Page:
So far we’ve seen that glycine or collagen supplements can improve sleep, tendon health, and blood sugar. But many of you have asked me, should we be concerned that they can raise oxalate levels? This could potentially increase the risk of kidney stones.
There’s about a ten percent chance you could be at risk of a kidney stone some day, and if you’re in that minority you should be concerned about your exposure to oxalates. Glycine is very unlikely to generate oxalates, but collagen may, especially if you are deficient in vitamin B6. In this video, I describe how to figure out if this is relevant to you and what to do about it.
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Oxalates. Should you be concerned about glycine and collagen? Watch this video to find out.
Hi I’m Dr. Chris Masterjohn of chrismasterjohnphd.com. And you’re watching Chris Masterjohn Lite, where the name of the game is “Details? Shmeetails. Just tell me what works!”
And I’ve told you that glycine or collagen that provides glycine can work for sleep when you take it before bed, or tendon health when you take it before exercise, and for blood sugar when you take it before meals, but many of you have asked me does glycine not work for oxalates?
Oxalates can cause problems in a variety of ways when they’re elevated in the blood, but it’s far more common for them to be elevated in the urine where they will contribute to kidney stones because oxalate binds to calcium to form calcium oxalate crystals. Now glycine can be converted to oxalate, but this is not a major fate of glycine. However in gelatin and collagen you have another amino acid, hydroxyproline. Oxalate can be a major fate of hydroxyproline and in fact gelatin supplements and presumably collagen supplements by extension, gelatin supplements have been shown to increase the urinary excretion of oxalate at fairly low doses that we’ve been talking about in these videos and can even increase the blood oxalate concentrations if the dose is really large such as 30 grams of gelatin.
Now that doesn’t necessarily mean you have a problem. About 1 in 10 people will develop a kidney stone at some point in their life and if that’s you then you want to be careful with gelatin and collagen. You can be proactive about finding out if that’s you by looking at your urinary oxalate excretion and looking at whether you have urinary crystals of calcium oxalate and discussing those results with your doctor to have it assessed of whether you are at high risk of kidney stones.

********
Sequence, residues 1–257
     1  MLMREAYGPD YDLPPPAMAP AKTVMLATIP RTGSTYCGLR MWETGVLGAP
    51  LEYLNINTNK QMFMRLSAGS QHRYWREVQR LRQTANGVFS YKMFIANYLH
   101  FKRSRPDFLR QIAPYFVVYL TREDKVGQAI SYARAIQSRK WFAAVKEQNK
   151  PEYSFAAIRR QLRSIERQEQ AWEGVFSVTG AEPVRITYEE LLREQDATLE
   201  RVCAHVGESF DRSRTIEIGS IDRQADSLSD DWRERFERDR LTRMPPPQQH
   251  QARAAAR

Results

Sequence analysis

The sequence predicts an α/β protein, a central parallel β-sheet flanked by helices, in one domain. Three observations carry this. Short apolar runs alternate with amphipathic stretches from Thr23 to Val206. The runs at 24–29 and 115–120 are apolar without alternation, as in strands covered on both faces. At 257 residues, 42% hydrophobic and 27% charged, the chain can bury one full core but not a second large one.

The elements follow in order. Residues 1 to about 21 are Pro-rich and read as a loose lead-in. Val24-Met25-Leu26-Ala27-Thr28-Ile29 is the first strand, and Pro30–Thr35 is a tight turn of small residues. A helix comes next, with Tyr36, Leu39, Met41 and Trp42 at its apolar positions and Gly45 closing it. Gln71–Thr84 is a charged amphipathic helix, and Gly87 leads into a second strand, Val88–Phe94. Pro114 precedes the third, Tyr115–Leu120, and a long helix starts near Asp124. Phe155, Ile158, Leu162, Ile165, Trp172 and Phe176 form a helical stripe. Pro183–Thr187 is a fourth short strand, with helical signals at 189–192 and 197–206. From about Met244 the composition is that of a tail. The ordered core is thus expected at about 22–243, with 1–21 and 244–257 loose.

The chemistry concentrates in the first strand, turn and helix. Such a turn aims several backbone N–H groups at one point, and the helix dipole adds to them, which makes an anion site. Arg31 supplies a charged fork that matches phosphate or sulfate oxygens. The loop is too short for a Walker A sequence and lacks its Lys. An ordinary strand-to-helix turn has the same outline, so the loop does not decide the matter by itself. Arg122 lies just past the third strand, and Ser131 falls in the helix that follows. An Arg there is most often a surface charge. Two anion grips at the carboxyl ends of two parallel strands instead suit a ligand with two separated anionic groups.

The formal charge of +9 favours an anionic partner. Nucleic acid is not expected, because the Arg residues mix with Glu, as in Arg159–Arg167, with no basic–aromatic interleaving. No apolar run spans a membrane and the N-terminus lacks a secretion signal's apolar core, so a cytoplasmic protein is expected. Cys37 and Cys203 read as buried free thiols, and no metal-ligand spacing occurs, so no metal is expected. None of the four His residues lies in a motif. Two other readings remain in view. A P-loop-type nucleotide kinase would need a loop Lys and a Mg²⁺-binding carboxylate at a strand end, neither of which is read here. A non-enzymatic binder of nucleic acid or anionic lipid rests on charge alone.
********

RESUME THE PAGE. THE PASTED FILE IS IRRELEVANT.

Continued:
You could do a 24-hour urine oxalate excretion on the diet that you’re trying to assess that includes the gelatin or collagen in the way you typically consume it and see if it’s elevated above normal. You can look at calcium oxalate crystals in the same context. You could do a random or spot urine oxalate concentration or urinalysis for the crystals, but if you do that you should probably do it after consuming a meal with the gelatin or collagen as you would usually take it so that you can actually see what it’s doing in that context.
Now you want to make sure that you’re properly hydrated all the time. Hydration will protect you against the stones from forming, but also hydration will protect you against getting a false positive for the oxalate crystals because if you don’t have enough water it can make the crystals appear as if they’re very high. Now if you appear to be at risk it may make sense for you to try glycine supplements instead of gelatin or collagen and assess whether that takes care of the apparent problem with oxalates.
However there are also other things to consider. So, first of all, in order for hydroxyproline to be diverted away from generating oxalate and actually generate more glycine you need enough vitamin B6. So assess your vitamin B6 status, you can look at plasma levels of pyridoxal-5-phosphate, the active form, and you can look at markers that occur in your urine when B6 is deficient, such as xanthurenate, kynurenate and quinolinate on a urinary organic acids test. If you have signs of B6 deficiency consider supplementing. Some people may need doses as low as 5 milligrams, but for some reason some people only respond to doses between 30 and a 100 milligrams so you can see if that prevents the oxalate from accumulating.
There are other things that you can do to protect yourself against kidney stones in general and I’ll talk about those in the next video. Those would apply here, but the main thing that’s relevant to glycine is as follows: #1 assess your risk for developing oxalate stones. If it’s low then collagen and gelatin should not be a problem. If you fall into the substantial minority of people who are at high risk then you might want to assess your B6 status to see if that changes it and you may want to consider using glycine instead of collagen or gelatin because pure glycine is very unlikely to impact that risk.
All right, I hope you found this useful. Signing off, this is Chris Masterjohn of chrismasterjohnphd.com. You’ve been watching Chris Masterjohn Lite and I will see you in the next episode.